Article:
Entertainment / Photography / Petzval Lens
Petzval Lens: Early lens system developed by joseph petzval. It had a very wide aperture and was relatively free from aberration. Many modern lenses have developed from this simple three-element design.
Positive Lens: Simple lens that causes light rays from a subject to converge to a point.
Portrait Lens: Lenses produced specifically for portraiture. They usually have a long focal length and produce a slightly diffused image.
Process Lens: Lens system designed specifically for high quality copying.
Single Lens Reflex (SLR): Stands for single lens reflex. It is a camera of 35mm or medium format in which a system of mirrors shows the user the image precisely as the lens renders it.
Slow Lens: Lens with a small maximum aperture, such as f/8.
Single-Lens Reflex (SLR): An SLR, or single-lens reflex, camera is named for its picture-taking mechanism. In a film SLR, the viewfinder uses a 45°-angled mirror to see through the lens; that mirror snaps out of sigh . . . View Full Definition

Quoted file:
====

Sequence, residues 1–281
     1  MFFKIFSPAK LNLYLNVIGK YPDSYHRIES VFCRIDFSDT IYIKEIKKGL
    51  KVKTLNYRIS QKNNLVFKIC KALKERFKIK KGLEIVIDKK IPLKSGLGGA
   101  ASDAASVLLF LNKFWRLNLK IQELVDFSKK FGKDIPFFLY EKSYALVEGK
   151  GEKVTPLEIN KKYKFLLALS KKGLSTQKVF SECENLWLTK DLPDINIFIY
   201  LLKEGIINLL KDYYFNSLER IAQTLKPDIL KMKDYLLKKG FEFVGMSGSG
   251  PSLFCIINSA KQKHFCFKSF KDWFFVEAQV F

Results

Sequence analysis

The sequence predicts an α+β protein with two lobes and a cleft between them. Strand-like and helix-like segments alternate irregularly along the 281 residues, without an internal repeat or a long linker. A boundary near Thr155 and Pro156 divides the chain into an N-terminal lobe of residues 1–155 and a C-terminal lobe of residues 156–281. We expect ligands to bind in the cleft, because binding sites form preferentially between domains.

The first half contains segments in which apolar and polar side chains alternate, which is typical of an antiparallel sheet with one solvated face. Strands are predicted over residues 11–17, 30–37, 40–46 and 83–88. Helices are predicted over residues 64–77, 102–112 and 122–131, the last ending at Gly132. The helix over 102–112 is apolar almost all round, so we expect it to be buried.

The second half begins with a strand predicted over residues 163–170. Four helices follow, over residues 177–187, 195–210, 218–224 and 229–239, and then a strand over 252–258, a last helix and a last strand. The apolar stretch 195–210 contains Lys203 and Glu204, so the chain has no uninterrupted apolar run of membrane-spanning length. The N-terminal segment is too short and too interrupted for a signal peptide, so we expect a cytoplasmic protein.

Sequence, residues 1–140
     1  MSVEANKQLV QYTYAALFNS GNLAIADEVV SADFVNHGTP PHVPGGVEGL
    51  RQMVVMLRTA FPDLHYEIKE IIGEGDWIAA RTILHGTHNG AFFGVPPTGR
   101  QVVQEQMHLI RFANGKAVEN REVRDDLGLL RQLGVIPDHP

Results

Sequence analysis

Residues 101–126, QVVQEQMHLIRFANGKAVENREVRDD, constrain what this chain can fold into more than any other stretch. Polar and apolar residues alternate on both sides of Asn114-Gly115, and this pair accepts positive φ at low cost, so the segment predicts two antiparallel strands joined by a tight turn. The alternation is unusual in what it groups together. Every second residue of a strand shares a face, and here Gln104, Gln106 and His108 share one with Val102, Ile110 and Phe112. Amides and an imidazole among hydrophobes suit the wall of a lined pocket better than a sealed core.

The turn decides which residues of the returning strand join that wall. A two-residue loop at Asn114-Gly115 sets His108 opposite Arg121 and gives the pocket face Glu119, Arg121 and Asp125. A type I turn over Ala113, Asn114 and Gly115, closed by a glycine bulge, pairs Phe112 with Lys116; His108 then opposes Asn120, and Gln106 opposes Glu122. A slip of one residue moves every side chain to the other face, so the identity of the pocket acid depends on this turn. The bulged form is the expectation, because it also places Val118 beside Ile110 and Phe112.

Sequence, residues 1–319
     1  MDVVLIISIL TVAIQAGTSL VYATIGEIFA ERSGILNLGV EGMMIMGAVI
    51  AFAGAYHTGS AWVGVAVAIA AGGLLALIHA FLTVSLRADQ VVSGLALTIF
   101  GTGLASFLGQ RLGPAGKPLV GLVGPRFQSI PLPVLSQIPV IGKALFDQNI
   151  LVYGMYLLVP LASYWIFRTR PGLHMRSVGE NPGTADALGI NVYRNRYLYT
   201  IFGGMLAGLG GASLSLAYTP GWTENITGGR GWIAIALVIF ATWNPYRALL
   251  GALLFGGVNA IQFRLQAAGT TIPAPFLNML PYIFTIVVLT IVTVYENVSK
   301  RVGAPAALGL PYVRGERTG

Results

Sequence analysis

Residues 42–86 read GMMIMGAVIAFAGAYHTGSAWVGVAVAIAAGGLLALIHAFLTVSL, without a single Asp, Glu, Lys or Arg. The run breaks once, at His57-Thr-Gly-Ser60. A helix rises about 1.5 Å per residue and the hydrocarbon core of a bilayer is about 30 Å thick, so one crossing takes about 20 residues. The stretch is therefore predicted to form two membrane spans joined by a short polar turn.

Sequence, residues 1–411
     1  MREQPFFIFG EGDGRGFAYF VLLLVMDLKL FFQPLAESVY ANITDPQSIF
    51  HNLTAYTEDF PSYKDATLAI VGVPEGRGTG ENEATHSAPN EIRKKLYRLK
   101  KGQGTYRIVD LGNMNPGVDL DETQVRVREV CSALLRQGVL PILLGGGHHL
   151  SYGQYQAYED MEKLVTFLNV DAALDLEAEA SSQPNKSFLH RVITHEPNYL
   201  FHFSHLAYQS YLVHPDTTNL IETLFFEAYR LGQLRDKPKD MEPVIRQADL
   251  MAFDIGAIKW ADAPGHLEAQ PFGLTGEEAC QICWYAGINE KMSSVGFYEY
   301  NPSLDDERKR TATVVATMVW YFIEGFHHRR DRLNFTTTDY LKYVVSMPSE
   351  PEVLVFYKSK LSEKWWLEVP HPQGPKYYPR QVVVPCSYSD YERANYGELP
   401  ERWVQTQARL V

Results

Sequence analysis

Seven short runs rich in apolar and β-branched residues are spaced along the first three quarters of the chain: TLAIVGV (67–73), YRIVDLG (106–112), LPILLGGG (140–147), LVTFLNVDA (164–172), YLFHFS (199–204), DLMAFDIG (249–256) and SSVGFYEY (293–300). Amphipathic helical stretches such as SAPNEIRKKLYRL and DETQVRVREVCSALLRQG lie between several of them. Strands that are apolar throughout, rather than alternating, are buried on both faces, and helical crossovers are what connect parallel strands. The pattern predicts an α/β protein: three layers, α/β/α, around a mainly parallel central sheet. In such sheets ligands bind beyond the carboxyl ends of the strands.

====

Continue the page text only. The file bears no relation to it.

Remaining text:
Reflex Lens: Alternative term for mirror lens.
Normal Lens: A type of focal length that seems to most closely approximate the human eye's range of vision (in actuality the range of vision is narrower in a normal focal length lens, with less illusion . . . View Full Definition
Macro Lens: Is a lens specially designed to give accurate resolution of a very near subject without the need for supplementary attachments. Sometimes, incorrectly, referred to as a micro lens.
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